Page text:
Two weeks ago ended a three-part series on the rise and fall of literature in Dominica and heralded were Edward Sobie Lawrence, Jean Rhys, Ralph Casimir, Dr. Lennox Honychurch, Phyllis Shand Alfrey, Father Clement Jolly, Anthony Lockhart, Mark Sylvester, Arundel Thomas, Alfred and Dorothy Levy, Dr. Irvin Andre, Gabriel Christian, Anthony Lockhart, Alwin Bully, Giftus John, Alick Lazare, Dr. Kay Polydore and a handful of creative writing pioneers.
Before this downturn we are forced to recognize the works of performance poets Ras Mo and Gregory Rabess as two of the pioneers in the presentation of performance poetry. Ras Albert Williams, is another of the Writer's Guild pioneers in 1981 who served as host for two years; the only poetry show ever held on radio , the ever present drums of the late Ras Algie, the poetry of Ian Jackson and Jeno Jacob who dominated poetry organizers who ensured that World Poetry Day was observed and celebrated at the Arawak House of Culture, Alliance Francaise, in block o' style outside the Frontline Book Store and Caribana- homes of the Dominican writers in the Eighties and Nineties.
I remember Writers Guild President Gerald Latouche, Ann Mills, Carla Armour, Albert Panman Bellot, Eddie Toulon, the enthusiastic Jean Rhys protégé Christabel Laronde, Peter Piper- who published the most booklets in his day and the ever present Harold Sealy, the hub around which almost everything revolved.
There were scores, literally hundreds of publications during a span of 20 years. There was a thirst, a hunger for knowledge, for improving writers craft through reading, critique and workshop conducted by locals and even writers from London, UWI and even Africa. Jackson, Latouche and Jacob earned a three-month fellowship to the University of Miami and were tutored by the likes of Professor Mervin Morris, Nobel Prize Laureate Sir Derek Walcott and Haitian writing sensation Edwidge Dandicat. Dominica's writing was well received, different because of the use of folklore, myths and beliefs.
Long before the exploits of Harry Potter's magic and sorcery, Jeno presented obeah, soucoyant and heroes as Copen Lapen. In fact the works from Dominicans were used as features to a number of readings staged at libraries and resource centres of learning around Florida.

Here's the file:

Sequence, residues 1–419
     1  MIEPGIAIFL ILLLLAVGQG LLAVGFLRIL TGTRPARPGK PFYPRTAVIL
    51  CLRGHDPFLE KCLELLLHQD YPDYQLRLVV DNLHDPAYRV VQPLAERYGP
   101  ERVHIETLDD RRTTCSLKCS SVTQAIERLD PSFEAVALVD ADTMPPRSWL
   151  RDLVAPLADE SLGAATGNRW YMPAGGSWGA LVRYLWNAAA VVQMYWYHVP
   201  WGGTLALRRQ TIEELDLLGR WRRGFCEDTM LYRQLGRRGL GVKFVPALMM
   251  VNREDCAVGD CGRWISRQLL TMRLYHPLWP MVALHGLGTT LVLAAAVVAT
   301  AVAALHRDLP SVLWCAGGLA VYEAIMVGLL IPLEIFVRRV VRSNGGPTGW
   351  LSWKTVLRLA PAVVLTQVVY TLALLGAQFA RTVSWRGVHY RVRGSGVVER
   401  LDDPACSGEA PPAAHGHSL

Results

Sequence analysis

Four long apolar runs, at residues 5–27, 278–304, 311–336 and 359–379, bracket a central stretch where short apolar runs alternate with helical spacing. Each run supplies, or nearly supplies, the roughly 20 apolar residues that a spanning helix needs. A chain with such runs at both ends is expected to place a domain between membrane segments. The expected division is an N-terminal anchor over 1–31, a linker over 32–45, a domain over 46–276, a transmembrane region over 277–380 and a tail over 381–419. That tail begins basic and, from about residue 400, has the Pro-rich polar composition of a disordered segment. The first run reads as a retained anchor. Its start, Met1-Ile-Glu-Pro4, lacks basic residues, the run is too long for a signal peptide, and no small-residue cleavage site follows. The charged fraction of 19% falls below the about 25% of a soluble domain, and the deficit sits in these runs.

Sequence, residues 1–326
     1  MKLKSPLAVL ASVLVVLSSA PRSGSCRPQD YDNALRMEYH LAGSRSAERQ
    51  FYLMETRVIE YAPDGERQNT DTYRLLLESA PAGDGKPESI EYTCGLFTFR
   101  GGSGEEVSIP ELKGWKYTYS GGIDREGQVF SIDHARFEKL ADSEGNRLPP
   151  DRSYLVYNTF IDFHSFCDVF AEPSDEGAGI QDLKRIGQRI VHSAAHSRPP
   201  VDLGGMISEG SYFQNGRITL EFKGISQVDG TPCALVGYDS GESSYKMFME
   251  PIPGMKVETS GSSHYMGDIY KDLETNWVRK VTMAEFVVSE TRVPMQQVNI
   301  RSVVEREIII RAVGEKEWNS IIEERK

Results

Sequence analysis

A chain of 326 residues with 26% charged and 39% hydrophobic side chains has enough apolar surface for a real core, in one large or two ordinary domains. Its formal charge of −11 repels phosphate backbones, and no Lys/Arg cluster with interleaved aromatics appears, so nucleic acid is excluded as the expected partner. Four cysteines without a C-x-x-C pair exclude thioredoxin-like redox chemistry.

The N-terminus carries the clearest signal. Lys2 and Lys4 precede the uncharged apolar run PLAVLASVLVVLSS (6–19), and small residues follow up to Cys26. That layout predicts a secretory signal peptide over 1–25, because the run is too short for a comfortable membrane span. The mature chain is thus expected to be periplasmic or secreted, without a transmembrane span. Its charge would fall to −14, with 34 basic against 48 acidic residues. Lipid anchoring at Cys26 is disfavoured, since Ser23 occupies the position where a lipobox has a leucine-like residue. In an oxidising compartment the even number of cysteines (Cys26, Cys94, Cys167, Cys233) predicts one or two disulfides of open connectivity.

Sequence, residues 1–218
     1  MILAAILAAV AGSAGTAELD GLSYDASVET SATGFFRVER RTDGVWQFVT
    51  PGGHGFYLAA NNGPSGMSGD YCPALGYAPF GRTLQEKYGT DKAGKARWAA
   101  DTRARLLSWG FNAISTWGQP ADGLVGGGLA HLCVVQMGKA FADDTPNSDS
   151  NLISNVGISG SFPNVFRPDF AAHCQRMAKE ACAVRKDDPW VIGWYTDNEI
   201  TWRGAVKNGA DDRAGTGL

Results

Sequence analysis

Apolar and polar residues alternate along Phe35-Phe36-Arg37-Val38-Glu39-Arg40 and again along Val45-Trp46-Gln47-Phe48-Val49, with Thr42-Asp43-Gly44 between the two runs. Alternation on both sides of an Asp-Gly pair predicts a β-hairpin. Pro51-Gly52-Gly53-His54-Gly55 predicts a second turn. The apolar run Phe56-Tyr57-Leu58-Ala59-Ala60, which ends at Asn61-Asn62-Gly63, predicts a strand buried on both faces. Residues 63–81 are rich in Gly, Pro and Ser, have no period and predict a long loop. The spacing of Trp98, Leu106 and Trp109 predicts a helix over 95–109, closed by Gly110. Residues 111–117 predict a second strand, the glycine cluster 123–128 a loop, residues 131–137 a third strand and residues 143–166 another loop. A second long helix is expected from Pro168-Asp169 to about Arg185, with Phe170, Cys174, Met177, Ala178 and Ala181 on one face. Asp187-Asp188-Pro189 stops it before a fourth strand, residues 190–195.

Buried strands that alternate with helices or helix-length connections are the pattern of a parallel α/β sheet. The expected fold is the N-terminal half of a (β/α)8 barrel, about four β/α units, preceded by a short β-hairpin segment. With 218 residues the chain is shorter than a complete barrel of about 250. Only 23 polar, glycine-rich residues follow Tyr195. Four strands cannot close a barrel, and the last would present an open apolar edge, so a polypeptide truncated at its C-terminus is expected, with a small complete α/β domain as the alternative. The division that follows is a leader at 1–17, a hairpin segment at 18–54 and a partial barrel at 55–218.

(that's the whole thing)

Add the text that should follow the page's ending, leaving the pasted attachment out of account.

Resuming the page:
On return to Dominica these three writers had a fire in their soul and the guild blazed but this was short-lived as the Caribana home was no longer available hence the lack of a proper meeting place saw the beginning of the demise of the Writers Guild.
By this time the seniors had all left and even before the blossoming writers such as Gloria Septra Augustus became formidable, as well as the youthful Yakima Cuffy, the guild disintegrated and activities resorted to the observance of World Poetry Day and submissions for the Independence short story competitions and readings, thanks to the work of Raymond Lawrence and the unyielding Harry Sealy.
The glory days of reading and organized debates by the Kiwanis, Lions and Jaycees Clubs and the dynamic youth councils, Small Projects Assistance Team-SPAT, Movement for Cultural Awareness- MCA, Aquarian Expression, Peoples Action Theatre all supported literature and expression; the New Chronicle before it got 'old", the Drum, frequent circulation of pamphlets with respect to social, political of health issues, the scripting of brilliant plays and memorable lines in "Speak Brother Speak", radio serials –"Green Gold" or the last local Easter play staged in Dominica "Jesus Christ Super-Star", all halted to a mere dribble.
The written word almost overnight lost its importance and value, "beff and tory" replaced facts and analytical discourse; well-structured song compositions were dismantled and became misdirected chants; "you" became "U"; books became a fan to cool the blazing heat; spelling or research was no longer an issue as the spell-check or an article written by someone else could easily be Googled; your passport to an A grade. Brilliant!
Obviously disagreements were no longer debated or agued sensibly as "your mother this and that" would be resurrected from the grave for mere things like not passing the football in a timely manner on the field of play or perhaps, worse still, the cutlass or gun, is used to end or maim a life all because of a little strife.
Popular on the radio is malapropism, poor pronunciation and enunciation, incorrect stress, inappropriate tones, while all political parties have their own radio and feel comfortable in peddling what they want without being unchallenged. We love to hear the American debate but its taboo to hear the PM do the same with the opposition leader or the shadow minister of education or health debating his counterpart. This essential element of a democracy is just for the Speaker's House where it can be controlled and expressions curtailed, rightfully if you are on the right side, and wrongfully if you are on the wrong side and so the real side, the decision side, is tarnished and now banished as truth resides in the one who speaks last or who can pay its cost.
The newly formed Waitukubuli Writers do have a tall order to get the populace reading again for it goes beyond simplicities such as the phone or the tablet; while other counties such as Barbados still read even if they do have the same devices. It's so complex that the internet children got rid or ate up the tablets government experimented with thinking these devices posed some answers. Well, clearly it did not. We still reside on George Orwell's Animal Farm.